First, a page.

"Over the years, it's aged like a fine wine," Lazenby exclusively tells Yahoo, "a bit like me."
The 1969 film, made after Sean Connery had quit the role, was last week named the best Bond film ever in a poll of over 30 007 experts – including a Bond villain, a Bond girl, and stunt drivers, costume designers, and VFX artists on the films themselves – beating perennial favourite Goldfinger to the top spot.
"When we made the film over 50 years ago, it was a hit and it was pretty successful but when I quit, they wouldn't promote me in the press so obviously things went sour."
Watch: The top 5 Bond films, according to experts and fans
Lazenby declined the chance to make a second Bond film after it was released in 1969, with Sean Connery being tempted back by the producers for 1971's Diamonds Are Forever.
While Connery's last Bond film (before the unofficial 1983 film Never Say Never Again) didn't feature highly in our poll, the stature of OHMSS has only grown since its release and was a clear winner with the experts we polled. It has many famous fans too, according to the 81-year-old actor.
"I've been told directors like Steven Soderbergh and Christopher Nolan figure my Bond movie to be the best one," Lazenby says.
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"When I was in London a couple of years back, they showed my Bond movie at the British Film Institute. It was sold out and I got a standing ovation. I met guys like the director Edgar Wright who told me he dug my movie. One of the guys behind Dracula and Sherlock, Mark Gatiss, was also pretty hot on my Bond. My film has some high-end fans. So I guess these experts are right."
Based on Ian Fleming's 1963 novel of the same name, the film is largely faithful adaptation of the book, and features the series' most emotional climax, with 007 finally marrying before Telly Savalas' Blofeld assassinates his wife Tracy (played by Diana Rigg) in the final scene. Lazenby credits the source material for the film's longevity.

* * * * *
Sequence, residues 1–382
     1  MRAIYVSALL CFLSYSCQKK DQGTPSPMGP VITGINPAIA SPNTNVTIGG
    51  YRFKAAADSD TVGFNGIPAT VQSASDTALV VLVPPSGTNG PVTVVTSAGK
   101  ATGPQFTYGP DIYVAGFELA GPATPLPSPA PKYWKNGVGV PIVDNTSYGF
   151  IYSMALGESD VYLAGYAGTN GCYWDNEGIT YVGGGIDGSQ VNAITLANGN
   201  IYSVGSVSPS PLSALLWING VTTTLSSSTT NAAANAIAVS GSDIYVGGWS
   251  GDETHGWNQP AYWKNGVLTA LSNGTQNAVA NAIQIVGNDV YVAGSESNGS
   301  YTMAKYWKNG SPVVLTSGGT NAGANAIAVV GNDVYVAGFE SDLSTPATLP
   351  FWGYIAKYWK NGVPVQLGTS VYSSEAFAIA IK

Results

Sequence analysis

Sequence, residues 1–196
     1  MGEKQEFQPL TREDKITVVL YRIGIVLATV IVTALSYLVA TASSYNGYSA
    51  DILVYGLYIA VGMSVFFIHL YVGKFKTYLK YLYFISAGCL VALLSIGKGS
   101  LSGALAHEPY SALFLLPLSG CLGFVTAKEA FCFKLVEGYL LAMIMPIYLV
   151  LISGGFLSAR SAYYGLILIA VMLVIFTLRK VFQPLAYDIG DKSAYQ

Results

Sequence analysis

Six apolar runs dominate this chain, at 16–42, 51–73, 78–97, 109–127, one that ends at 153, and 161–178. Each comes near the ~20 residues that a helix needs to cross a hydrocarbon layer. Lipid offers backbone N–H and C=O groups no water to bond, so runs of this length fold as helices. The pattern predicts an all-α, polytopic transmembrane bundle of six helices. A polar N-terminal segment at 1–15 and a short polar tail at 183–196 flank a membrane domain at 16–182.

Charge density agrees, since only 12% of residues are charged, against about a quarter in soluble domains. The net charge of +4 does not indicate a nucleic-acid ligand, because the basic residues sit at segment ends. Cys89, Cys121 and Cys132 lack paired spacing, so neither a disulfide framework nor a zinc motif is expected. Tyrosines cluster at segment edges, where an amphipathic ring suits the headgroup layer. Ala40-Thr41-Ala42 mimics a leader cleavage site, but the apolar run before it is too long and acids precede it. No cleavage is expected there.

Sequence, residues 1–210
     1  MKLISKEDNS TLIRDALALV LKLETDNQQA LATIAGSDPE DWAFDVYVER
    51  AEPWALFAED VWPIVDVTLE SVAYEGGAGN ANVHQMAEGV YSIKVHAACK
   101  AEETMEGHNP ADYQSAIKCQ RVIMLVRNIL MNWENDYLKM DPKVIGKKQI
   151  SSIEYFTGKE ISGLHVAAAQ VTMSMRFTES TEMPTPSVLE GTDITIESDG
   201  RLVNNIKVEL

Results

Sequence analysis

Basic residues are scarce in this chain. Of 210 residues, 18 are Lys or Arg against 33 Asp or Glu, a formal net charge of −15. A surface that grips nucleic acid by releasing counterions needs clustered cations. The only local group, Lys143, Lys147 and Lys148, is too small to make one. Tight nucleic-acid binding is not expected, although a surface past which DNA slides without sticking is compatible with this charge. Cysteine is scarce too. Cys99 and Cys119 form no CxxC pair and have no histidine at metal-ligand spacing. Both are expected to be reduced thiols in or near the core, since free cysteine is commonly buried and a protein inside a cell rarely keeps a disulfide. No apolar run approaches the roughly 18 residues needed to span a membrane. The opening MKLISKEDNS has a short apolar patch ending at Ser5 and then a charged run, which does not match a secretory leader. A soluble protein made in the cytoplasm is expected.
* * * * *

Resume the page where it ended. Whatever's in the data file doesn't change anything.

"I think the movie still has an effect because it was the best of the Ian Fleming books. I read it when I got the role and the script, what we had was pretty close to it."
"When I was cast as Bond in 1968, people around me felt 007 seemed to be out of vogue, not current – part of the 'establishment'," Lazenby, who is very active on social media, adds. "Fantasy spies fascinate us but it's really BS.
"Real spies are pretty boring and anonymous, but I guess are a necessary evil. I was a hippie. I wasn’t a dedicated actor – I just wanted to have a good time: make love, not war.
"I still have that spirit. I guess my passion and honesty is what has made it last. It helped working alongside great actors like Telly [Savalas] and Diana [Rigg], who we sadly lost recently. Dear Diana, miss her."
Having pipped Sean Connery to the top spot in our poll of experts, Lazenby was keen to credit the late Scot for the ongoing success of the near 60-year-old film franchise, citing his predecessor as the best 007 overall.
"I guess the whole Bond thing has lasted because of what Sean Connery laid down. The all-time greatest Bond was obviously him.
"Sean, for me, was always the man, the guy who inspired me to go for the part. I met him a couple of times in LA and he told me to my face I'd been good. I've seen him say that in the papers too. I was sad to hear that he passed last year. It was the end of an era.
"We all follow where Sean led," he concludes.
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